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'Mid stars so bright,
On a lovely night,
Over the wave,
Where the moonbeams lave,
it will sail, as to some bright star,
This is a tale to make one's blood run chill,
And curdle even at the fountain's head;
But there are fiends more foul and fearful still,
By Anarchy in murd’rous phalanx led.
Art thou too sad, Hibernia?-do we see
ye both as images of death?
The daughter of Erin is bitterly weeping,
in days of yore, But mingling in sad concert with a sigh; And the hill tells the lough, “ I look on nought but
misery,” And verdant valleys plunged in sorrow sore. She seeth her sons depart to shun calamity,
Forsaking the green hills which gave them birth,
Forsaking the much-loved turf-lighted hearth,
Had Poland seen her errors ere too late,
Erin and Poland had been free and great!
THERE is a fear, a fear of pain,
A fear of mortal woe,-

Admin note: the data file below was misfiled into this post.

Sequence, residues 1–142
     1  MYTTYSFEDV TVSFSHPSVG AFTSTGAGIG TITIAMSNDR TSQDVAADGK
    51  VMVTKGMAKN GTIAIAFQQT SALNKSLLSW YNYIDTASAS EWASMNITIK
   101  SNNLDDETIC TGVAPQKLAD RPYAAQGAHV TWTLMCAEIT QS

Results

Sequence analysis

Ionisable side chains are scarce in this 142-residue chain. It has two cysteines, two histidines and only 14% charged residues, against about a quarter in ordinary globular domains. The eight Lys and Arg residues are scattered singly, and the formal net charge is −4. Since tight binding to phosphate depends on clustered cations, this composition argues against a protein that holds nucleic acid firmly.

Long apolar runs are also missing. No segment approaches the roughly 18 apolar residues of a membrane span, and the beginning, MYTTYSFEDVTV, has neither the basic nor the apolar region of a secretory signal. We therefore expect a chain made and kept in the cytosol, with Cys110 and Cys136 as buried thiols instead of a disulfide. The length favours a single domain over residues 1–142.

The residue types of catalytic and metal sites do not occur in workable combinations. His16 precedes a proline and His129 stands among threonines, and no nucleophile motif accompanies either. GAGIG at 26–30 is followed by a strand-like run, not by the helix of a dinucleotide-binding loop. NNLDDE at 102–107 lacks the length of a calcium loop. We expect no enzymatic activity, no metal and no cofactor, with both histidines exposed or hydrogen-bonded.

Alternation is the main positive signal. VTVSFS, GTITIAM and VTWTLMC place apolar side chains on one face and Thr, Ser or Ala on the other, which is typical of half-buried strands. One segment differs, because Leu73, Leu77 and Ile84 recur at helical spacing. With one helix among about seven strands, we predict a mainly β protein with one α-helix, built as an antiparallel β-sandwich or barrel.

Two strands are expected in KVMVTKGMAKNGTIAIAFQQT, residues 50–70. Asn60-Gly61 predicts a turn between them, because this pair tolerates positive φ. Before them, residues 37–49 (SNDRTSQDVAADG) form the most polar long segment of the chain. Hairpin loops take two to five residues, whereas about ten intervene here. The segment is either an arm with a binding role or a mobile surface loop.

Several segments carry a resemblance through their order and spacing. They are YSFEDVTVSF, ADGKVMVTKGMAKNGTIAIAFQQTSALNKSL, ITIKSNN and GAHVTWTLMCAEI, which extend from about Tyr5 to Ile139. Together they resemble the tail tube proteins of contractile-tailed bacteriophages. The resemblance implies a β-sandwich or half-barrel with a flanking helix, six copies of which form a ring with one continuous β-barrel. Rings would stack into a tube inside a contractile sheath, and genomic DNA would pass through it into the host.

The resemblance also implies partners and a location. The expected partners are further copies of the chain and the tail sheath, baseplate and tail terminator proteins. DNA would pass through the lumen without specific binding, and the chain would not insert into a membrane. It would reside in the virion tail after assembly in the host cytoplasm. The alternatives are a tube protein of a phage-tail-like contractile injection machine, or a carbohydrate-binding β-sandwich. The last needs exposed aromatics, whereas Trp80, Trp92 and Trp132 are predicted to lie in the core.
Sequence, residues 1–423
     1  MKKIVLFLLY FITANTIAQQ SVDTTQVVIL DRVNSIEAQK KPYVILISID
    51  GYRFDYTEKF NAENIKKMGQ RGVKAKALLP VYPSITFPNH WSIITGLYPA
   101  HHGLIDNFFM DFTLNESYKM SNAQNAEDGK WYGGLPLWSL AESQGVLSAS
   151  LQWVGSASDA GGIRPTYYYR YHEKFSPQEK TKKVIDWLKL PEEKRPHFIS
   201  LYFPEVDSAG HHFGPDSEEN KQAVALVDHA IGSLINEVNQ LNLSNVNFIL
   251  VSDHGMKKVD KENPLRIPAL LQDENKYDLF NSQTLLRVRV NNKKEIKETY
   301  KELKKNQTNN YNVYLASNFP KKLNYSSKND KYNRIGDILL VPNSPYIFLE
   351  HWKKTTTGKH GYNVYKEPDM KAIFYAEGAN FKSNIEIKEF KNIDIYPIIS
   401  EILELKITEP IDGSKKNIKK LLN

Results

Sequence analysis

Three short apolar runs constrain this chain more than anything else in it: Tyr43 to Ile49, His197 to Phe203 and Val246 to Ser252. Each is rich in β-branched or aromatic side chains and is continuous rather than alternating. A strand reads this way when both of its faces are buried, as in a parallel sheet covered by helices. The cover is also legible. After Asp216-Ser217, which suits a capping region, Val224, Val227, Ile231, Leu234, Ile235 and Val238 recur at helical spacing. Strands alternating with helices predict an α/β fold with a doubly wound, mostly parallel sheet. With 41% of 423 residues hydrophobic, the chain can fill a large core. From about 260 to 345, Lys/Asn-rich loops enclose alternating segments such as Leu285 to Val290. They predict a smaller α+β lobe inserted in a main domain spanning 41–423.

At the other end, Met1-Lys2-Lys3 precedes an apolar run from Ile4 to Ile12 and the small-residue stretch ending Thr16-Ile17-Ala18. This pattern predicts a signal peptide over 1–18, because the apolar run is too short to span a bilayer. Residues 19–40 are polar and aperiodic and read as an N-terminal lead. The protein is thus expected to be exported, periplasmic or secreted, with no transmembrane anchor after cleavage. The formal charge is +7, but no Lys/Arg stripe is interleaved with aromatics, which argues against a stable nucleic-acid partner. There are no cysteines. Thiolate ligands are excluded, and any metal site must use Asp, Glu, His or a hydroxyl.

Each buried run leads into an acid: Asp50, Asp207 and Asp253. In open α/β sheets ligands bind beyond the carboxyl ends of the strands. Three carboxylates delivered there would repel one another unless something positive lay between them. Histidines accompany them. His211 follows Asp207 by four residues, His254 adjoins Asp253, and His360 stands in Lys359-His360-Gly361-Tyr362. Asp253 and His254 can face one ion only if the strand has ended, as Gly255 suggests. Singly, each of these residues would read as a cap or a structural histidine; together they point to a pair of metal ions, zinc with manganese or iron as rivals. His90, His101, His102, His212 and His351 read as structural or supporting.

Which fetters man below,
There is a fear, a deadly fear,
Of Death's approaching tread; But it may not in those appear
For whom Christ's blood was shed; To such his sting is snatched away, He leads them to eternal day.
There is a fear, an awful fear,
The fear of a guilty heart; 'Tis far more sick’ning than the fear
Of Death's destroying dart;
Its victim shudders if he sees
But a leaf quivering in the breeze,
There is a fear, a filial fear,
The fear of God on high, Which makes the pardoned soul draw near,
And “ Abba, Father,” cry; The sinner sings redeeming love, And soars to sinless seats above.
Joy comes of heavenly birth,
Sent from above,
But sprung from love. 'Twill sweeten care,
'Mid social scenes delighted rove, And leave its choicest fragrance there.
'Round childhood's silken locks
'Twill blessings shed, Nor hoary hairs it mocks,
Nor manly head, Nor passes by
The fair, but follows in her tread, And revels in her bright blue eye.
Joy lies in sunny flowers;
The cowslip's bell,